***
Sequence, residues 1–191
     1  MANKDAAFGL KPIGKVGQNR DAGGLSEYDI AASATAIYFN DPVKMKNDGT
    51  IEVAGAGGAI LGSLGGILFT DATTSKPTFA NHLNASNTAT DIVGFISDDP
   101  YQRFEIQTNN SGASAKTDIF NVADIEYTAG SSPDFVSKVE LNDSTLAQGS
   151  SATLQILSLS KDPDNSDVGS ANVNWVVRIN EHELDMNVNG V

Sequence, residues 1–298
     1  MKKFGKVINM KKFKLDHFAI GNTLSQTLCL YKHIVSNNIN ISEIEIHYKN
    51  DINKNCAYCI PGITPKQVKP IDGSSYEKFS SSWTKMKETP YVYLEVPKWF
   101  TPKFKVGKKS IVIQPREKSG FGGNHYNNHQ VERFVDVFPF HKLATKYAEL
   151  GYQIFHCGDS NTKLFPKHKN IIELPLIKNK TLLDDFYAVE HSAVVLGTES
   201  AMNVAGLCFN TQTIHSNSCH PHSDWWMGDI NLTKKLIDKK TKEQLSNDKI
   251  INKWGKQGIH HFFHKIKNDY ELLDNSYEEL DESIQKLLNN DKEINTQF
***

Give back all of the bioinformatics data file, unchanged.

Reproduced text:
Sequence, residues 1–191
     1  MANKDAAFGL KPIGKVGQNR DAGGLSEYDI AASATAIYFN DPVKMKNDGT
    51  IEVAGAGGAI LGSLGGILFT DATTSKPTFA NHLNASNTAT DIVGFISDDP
   101  YQRFEIQTNN SGASAKTDIF NVADIEYTAG SSPDFVSKVE LNDSTLAQGS
   151  SATLQILSLS KDPDNSDVGS ANVNWVVRIN EHELDMNVNG V

Sequence, residues 1–298
     1  MKKFGKVINM KKFKLDHFAI GNTLSQTLCL YKHIVSNNIN ISEIEIHYKN
    51  DINKNCAYCI PGITPKQVKP IDGSSYEKFS SSWTKMKETP YVYLEVPKWF
   101  TPKFKVGKKS IVIQPREKSG FGGNHYNNHQ VERFVDVFPF HKLATKYAEL
   151  GYQIFHCGDS NTKLFPKHKN IIELPLIKNK TLLDDFYAVE HSAVVLGTES
   201  AMNVAGLCFN TQTIHSNSCH PHSDWWMGDI NLTKKLIDKK TKEQLSNDKI
   251  INKWGKQGIH HFFHKIKNDY ELLDNSYEEL DESIQKLLNN DKEINTQF